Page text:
All pride, no prejudice in Bath, England

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BATH, England — “It is a truth universally acknowledged, that a single man in possession of a good fortune, must be in want of a wife.”

So begins Pride and Prejudice — one of Jane Austen’s best-known works — which tells the story of a rich bachelor, Mr. Darcy, who falls in love with a woman below his social class, the young witty Elizabeth Bennet. The regularly tops polls as Britain’s favourite novel and has been adapted for TV and film at least five times.

This year Pride and Prejudice takes the spotlight in Bath, which is celebrating the 200th anniversary of its publication. Austen is perhaps the best loved of Bath’s many famous residents. A resident from 1801-06, she mentioned Bath in all of her books, including Northanger Abbey and Persuasion which are largely set in Bath.

Even if you’re not an Austen fan, Bath is worth a visit. Once an important Roman spa town (the Roman Baths & Pump Room remain a top attraction), the UNESCO World Heritage city has a rich architectural heritage and its Pulteney Bridge is one of the few bridges in the world with shops built into it on both sides.

Much of the city would be familiar to Austen if she were alive today. The tradition of afternoon tea continues at the impressive Assembly Rooms (mentioned in two of her novels). The Georgian Garden, near the Gravel Walk, once again looks as it would have Austen’s time. Even the author’s home — No. 4 Sydney Place — is still here, though now it’s open to tourists who can spend the night in the refurbished apartment.

Visitors can join a guided walking tour to some of Austen’s daily haunts. Or enjoy “Tea with Mr. Darcy,” part of a Jane Austen Spa Experience package, which also includes entry to the Thermae Bath Spa, a two-hour spa session and admission to the Jane Austen Centre, all for £58 (about $92) per person.

Next month, the lawns of the Manor House Hotel in nearby Castle Combe will be the setting for an Aug. 26 performance of Pride and Prejudice by the Chapterhouse Theatre Company (about $24). Bring a blanket and have a picnic while being entertained on the grounds of this 14th-century manor in the Wiltshire countryside. If you want to stay the night, the manor has 48 rooms and the Michelin-star Bybrook restaurant.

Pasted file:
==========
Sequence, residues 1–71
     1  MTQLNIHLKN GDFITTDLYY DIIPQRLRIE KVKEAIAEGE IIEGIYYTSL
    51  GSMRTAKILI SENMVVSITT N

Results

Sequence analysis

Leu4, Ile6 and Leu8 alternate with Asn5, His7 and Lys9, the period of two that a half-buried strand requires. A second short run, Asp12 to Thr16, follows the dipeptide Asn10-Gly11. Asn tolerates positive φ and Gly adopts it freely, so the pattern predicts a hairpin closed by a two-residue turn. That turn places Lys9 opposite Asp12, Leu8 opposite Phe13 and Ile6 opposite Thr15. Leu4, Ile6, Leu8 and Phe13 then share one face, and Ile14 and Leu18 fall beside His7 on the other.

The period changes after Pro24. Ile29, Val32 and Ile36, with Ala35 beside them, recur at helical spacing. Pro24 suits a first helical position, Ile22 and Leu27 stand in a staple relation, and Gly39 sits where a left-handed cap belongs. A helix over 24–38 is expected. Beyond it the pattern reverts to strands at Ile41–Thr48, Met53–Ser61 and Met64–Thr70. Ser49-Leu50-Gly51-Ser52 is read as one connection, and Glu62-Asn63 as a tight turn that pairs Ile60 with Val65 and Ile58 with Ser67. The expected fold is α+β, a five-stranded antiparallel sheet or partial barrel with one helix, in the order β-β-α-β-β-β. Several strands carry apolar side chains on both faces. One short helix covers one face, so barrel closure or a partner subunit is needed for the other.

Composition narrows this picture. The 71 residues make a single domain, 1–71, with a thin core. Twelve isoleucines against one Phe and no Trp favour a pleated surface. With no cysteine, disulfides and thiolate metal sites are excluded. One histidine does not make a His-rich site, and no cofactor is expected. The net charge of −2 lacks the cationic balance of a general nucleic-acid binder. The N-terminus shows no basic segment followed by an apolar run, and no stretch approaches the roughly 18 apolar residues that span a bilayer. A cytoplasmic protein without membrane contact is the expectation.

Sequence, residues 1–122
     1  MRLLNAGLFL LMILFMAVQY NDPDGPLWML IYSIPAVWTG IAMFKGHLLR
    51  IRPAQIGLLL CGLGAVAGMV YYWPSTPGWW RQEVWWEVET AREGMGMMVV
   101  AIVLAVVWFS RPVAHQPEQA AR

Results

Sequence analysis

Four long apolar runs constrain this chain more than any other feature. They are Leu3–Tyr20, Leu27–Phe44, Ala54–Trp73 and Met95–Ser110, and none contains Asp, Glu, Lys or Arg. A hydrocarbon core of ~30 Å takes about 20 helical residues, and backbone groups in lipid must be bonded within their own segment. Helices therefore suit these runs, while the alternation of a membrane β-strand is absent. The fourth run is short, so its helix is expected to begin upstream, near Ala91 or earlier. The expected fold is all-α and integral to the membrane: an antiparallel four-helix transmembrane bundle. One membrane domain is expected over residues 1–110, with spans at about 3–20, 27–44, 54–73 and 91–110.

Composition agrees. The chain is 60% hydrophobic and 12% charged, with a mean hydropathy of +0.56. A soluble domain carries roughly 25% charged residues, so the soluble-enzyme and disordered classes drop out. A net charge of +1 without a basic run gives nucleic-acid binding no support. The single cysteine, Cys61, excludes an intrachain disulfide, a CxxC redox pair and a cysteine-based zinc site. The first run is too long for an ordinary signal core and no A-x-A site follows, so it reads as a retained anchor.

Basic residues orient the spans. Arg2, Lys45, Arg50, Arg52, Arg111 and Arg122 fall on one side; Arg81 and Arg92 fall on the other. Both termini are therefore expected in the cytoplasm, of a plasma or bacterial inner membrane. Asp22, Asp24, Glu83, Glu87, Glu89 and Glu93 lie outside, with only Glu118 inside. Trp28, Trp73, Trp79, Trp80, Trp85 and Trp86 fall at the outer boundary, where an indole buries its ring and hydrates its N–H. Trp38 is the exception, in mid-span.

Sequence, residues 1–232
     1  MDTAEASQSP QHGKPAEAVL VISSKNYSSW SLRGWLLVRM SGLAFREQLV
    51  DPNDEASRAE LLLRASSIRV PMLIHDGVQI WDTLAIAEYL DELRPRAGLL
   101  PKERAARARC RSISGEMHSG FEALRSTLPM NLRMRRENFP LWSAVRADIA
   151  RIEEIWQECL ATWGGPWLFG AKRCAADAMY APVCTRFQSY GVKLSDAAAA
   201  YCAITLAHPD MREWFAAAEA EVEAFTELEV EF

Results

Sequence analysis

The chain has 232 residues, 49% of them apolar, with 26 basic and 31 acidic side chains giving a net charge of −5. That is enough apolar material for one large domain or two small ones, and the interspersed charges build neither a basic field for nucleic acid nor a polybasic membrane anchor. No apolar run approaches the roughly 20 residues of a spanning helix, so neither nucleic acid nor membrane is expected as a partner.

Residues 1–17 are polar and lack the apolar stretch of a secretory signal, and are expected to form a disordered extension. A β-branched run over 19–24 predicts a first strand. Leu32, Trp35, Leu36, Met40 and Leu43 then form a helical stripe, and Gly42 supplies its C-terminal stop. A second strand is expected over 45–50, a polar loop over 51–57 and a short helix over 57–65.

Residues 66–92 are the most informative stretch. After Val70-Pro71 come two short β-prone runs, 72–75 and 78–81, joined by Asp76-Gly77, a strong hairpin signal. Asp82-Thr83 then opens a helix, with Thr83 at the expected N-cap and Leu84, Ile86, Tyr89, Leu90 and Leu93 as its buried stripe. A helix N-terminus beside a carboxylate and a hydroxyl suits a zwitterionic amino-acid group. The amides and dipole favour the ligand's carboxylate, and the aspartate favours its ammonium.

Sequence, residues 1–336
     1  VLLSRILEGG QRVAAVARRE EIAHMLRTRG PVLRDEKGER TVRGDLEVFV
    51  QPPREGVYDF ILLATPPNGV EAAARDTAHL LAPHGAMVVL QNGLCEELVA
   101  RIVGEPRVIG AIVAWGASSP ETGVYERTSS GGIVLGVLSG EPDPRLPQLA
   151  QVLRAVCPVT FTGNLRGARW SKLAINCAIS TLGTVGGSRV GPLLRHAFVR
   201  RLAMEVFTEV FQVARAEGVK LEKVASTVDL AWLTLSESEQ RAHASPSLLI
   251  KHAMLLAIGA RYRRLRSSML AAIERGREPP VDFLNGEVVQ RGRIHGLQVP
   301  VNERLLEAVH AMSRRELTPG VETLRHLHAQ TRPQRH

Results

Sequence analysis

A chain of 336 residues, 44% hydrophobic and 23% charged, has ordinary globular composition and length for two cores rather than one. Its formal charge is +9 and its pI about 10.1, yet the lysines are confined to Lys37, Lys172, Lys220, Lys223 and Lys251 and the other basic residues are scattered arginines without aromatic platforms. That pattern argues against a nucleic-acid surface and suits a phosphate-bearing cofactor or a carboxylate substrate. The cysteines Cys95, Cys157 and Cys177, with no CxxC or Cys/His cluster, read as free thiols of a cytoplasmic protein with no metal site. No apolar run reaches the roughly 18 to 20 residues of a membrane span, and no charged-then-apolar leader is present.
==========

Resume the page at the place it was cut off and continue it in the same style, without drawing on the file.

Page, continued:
Celebrations continue in the fall with the annual Jane Austen Festival (Sept. 13-21), which will mark the anniversary with concerts, etiquette lessons, dancing, workshops and more.

The Jane Austen Centre houses a permanent exhibition on Austen’s experience in the city and the influence it had on her writing. Visitors can see a replica of the only known portrait of the author (the original is in the National Portrait Gallery in London), and read letters to her sister Cassandra, which paint a vivid picture of daily life. There are reproductions of period clothing to try on and exhibits that explain how people spent their leisure hours dancing, playing cards, etc.

Before exploring on your own, a guide provides a brief introduction to Austen and her family. We learn she was the seventh of eight children and developed a love of reading and writing from her clergyman father and her mother who was known for writing funny limericks and poems, and encouraged her young daughter to do the same. Austen’s only sister Cassandra was also her best friend and critiqued her work before publication.

There’s no doubt people relate to the novels.

“I think it’s due to the fantastic writing and her wonderful social commentary,” said the guide, “but also the fact that on purpose she hardly mentions the Napoleonic war, religious or political views. That is because she wanted her books to be timeless. She wanted people, no matter what time period they’re in, to be able to pick up one of her books, read them and enjoy them.”

Seems Austen will be remembered for a long time to come. Recently, there was talk in Britain of her image appearing on the 10 pound note — in time for the 200th anniversary of her death in 2017.

— For more on the Jane Austen Centre check For travel information, see or


Here are three ways to get in touch with your inner Austen:


Follow in the footsteps of Jane Austen with a guided walking tour organized through the Jane Austen Centre, or download a free Jane Austen audio walking

tour to your smart phone or MP3 player and discover Bath as Austen would have seen it. It covers the highlights of the city and extracts from her novels and letters which describe Bath in its Georgian heyday.


Visitors can take part in the Jane Austen Festival Grand Regency Costumed Promenade Saturday, Sept. 14. Hundreds of people will dress in Regency costume for what promises to be a spectacular official opening to the festival accompanied by red coats and navy officers, and led by the town crier. The 90-minute Promenade departs from Royal Crescent lawn and ends in Parade Gardens near Bath Abbey. Tickets are £10 for adults (about $16), free for under 16 years.


In scenes from Pride and Prejudice, it was customory for marriageable young women of the house to pour the tea for visitors to show off their elegant manners. Tea drinking is still popular in Bath. Enjoy a cuppa at the Assembly Rooms, once a hub for fashionable Georgian society, or the Jane Austen Centre’s Regency Tea Rooms. Nibble on finger sandwiches, warm scones and a selection of cakes, in the company of Mr. Darcy, one of Jane’s most famous fictional characters.